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Seattle by David-Edward Hughes

Flashdance The Musical Stumbles into the Paramount

Also see David's reviews of It's A Good Day for Miss Peggy Lee and Jersey Boys

A Separate Peace
Emily Padgett
What a feeling! The feeling was relief as the final curtain rang down on the touring produciton of Flashdance The Musical, a sorry attempt to make another dance musical film into a Broadway book musical which amazingly stumbles worse than such other misses as the stage versions of Saturday Night Fever and (the best of the lot) Footloose. Too long by a good half hour, and lacking a single memorable new song, it falls to a tireless and talented cast to make the evening even mildly enjoyable. Still, even their yeoman efforts pale before we get to the famous finale number "What A Feeling (Flashdance)," which, along with the film's other familiar hits ("Maniac" and "Gloria," with "I Love Rock and Roll" thrown in to the stage mix as well) are the only numbers that really rouse the crowd, as do director/choreographer Serge Trujillo's re-creations of the well-remembered staging for "Maniac" (where the leading lady is doused with water) and the aforementioned "What a Feeling."

The plot skeleton of the original film remains in the paper-thin book by Tom Hedley and Robert Cary, but with lots of padding and revisions. Pittsburgh steel mill worker Alex Owens (Emily Padgett) performs at Harry's dance club nightly, but aspires to train for the ballet at the prestigious but snooty Shipley Dance Academy. When Nick Hurley (Matthew Hydzik), the steel mill heir, takes a shine to her, Alex eventually gives into a relationship, but this sours when, in the name of love, he puts money in the hands of a Shipley admissions rep to make sure Alex gets in. This action, coupled with lay-off strife affecting Alex's mill co-workers, leads her to leave the mill and call off the audition. But following the loss of her close dance mentor Hannah (Jo Ann Cunningham), she reschedules and gives Shipley the dance audition of her life (cue title song). Her three dancer cronies Kiki (DeQuina Moore), Gloria (Kelly Felthous) and Tess (Rachelle Rak), who seem to have wandered in from Sweet Charity's dance hall, pipe in with so-called comic relief and Gloria is key in a useless sub-plot involving her misbegotten shot at fame at a nearby strip bar, and her own troubled romance with Harry's sad-sack nephew Jimmy (David R. Gordon).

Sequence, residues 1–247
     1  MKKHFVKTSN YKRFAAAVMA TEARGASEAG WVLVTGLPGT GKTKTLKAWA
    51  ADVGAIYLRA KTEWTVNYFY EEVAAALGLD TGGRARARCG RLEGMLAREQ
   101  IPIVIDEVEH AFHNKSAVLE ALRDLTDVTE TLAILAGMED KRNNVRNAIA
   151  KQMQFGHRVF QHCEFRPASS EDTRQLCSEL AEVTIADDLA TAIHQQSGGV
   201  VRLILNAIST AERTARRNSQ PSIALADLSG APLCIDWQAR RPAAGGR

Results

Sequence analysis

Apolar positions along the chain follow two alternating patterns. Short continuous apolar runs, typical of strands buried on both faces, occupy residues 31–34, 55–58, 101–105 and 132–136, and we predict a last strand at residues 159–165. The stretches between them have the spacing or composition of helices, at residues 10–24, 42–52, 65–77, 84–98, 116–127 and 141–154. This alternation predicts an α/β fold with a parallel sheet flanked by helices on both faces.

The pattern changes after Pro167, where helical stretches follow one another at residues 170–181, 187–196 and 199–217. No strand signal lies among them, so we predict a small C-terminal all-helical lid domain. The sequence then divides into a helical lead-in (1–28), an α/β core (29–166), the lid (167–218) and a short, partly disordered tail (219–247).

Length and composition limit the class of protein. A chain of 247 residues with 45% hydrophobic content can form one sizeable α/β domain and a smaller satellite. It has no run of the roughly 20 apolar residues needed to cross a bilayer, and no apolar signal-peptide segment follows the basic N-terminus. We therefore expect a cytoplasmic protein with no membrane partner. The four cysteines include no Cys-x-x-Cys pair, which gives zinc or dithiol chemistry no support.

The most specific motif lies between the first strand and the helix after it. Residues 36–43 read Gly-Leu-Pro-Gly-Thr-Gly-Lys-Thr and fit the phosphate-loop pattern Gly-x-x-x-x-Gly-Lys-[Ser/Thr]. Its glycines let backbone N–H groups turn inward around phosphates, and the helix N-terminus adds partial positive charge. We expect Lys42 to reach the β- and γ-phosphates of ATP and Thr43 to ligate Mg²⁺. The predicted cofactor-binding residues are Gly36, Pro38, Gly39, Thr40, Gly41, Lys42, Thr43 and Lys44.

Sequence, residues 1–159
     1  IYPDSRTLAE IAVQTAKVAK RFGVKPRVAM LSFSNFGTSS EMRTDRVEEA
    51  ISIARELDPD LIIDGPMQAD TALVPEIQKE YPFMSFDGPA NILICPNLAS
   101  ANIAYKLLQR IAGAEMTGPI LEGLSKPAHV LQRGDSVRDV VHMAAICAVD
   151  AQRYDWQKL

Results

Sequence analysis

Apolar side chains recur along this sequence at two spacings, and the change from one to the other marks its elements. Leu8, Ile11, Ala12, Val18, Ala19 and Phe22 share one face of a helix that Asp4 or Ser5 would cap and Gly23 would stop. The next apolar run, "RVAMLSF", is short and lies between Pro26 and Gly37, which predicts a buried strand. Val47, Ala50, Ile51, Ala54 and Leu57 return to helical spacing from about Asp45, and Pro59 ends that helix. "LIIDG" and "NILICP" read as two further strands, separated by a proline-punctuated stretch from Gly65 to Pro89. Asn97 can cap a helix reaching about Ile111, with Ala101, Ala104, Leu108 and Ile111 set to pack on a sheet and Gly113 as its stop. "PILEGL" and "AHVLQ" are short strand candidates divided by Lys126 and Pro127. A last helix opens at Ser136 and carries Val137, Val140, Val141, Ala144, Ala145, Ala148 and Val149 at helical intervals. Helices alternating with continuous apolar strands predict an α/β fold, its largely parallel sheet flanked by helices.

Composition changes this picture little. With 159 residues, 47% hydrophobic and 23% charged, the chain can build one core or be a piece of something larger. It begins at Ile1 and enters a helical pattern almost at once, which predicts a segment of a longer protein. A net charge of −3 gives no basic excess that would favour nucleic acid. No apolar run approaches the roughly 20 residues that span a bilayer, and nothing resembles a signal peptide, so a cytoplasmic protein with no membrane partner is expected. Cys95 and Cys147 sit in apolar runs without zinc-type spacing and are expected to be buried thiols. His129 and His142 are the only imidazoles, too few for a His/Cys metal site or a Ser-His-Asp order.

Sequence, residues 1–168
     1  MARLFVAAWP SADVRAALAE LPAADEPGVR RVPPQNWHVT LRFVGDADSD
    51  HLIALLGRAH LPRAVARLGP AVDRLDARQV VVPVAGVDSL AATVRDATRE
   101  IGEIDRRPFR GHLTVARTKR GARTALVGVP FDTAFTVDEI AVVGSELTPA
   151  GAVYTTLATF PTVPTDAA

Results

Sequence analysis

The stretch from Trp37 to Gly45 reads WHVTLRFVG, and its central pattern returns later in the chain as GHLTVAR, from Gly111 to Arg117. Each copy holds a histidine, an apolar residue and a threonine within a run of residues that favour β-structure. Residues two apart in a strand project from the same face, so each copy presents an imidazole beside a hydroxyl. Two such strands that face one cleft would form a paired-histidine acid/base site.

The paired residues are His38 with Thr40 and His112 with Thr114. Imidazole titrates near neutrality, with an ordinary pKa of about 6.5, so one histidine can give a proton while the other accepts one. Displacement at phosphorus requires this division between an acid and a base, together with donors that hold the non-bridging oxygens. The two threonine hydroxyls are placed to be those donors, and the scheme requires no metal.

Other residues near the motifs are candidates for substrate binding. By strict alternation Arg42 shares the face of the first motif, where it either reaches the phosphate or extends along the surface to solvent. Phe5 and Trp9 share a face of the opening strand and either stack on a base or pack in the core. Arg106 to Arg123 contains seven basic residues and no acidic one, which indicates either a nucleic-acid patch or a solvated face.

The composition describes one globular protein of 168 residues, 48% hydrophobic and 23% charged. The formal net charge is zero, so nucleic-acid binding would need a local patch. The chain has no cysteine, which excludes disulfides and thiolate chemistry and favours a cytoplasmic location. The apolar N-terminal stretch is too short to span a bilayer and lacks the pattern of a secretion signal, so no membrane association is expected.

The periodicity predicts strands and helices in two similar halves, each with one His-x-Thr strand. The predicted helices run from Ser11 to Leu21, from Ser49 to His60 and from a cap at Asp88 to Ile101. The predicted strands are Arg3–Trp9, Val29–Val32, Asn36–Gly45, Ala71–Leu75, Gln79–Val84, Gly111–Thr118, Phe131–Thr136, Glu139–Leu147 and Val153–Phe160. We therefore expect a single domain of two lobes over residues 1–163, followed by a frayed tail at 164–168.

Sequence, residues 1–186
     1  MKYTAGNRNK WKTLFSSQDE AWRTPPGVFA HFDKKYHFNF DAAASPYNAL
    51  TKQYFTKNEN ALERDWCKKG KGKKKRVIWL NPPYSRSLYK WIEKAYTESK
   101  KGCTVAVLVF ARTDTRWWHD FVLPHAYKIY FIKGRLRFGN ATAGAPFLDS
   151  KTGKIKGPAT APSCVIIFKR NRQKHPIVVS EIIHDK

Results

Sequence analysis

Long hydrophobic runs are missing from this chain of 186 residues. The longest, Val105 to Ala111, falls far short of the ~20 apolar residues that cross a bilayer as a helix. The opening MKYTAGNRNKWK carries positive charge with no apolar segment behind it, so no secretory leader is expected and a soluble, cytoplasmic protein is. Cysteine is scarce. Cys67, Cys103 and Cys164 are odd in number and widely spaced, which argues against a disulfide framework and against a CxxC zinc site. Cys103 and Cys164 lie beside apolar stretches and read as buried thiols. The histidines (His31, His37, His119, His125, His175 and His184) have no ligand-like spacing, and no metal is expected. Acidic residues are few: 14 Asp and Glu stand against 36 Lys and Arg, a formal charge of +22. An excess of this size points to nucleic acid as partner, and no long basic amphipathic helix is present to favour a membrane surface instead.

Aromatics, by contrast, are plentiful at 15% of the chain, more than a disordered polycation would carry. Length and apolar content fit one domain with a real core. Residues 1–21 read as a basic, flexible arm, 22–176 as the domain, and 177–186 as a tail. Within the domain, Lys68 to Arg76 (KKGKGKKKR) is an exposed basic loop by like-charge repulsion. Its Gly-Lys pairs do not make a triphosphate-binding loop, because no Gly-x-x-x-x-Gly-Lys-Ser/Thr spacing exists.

It is impossible to pick even one musically distinctive tune from the nondescript score by composer Robbie Roth with banal lyrics by Roth and Robert Cary, but at least Trujillo, who supplied super steps for Jersey Boys, also currently in town, gives his talented ensemble some diverting choreography here and there, along with numbers which seem to exist for no purpose at all, such as "Manhunt."

Emily Padgett as Alex is a triple threat talent in search of a great musical to lend it to, and Matthew Hydzik (Nick) has a glorious voice and charisma to spare. Moore, Felthous and Rak work hard for their money as Alex's buddies, with Rak a particular stand-out. David R. Gordon is endearing even delivering mirthless laugh lines as Jimmy, while Cunningham comes closest of anyone onstage with stealing the show in her solo turn "Hannah's Answer."

Scenic designer Klara Zieglerova and lighting designer Howell Binkley do work similar to but not up to the same standards as their designs for Jersey Boys, and Peter Nigrini's projection design left me underwhelmed, though Paul Tazewell's costumes scored in creating an '80s feeling. But my feeling about Flashdance The Musical and any chance for a stop on Broadway (it is being billed as a "Broadway Tour")? I won't be surprised if it flashes and fades to black if it ever gets to the Great White Way.

Flashdance The Musical runs through April 21, 2013, at The Paramount Theatre, 911 Pine Street in downtown Seattle. For more information go to www.stgpresents.org. For more information on the tour, visit www.flashdancethemusical.com/.


Photo: Kyle Froman



- David Edward Hughes



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